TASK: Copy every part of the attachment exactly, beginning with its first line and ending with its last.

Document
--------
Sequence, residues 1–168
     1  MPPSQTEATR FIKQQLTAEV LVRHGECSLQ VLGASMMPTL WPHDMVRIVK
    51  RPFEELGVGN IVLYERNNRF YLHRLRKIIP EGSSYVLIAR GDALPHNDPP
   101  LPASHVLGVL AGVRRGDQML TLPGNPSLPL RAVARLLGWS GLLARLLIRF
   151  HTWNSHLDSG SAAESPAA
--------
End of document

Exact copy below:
Sequence, residues 1–168
     1  MPPSQTEATR FIKQQLTAEV LVRHGECSLQ VLGASMMPTL WPHDMVRIVK
    51  RPFEELGVGN IVLYERNNRF YLHRLRKIIP EGSSYVLIAR GDALPHNDPP
   101  LPASHVLGVL AGVRRGDQML TLPGNPSLPL RAVARLLGWS GLLARLLIRF
   151  HTWNSHLDSG SAAESPAA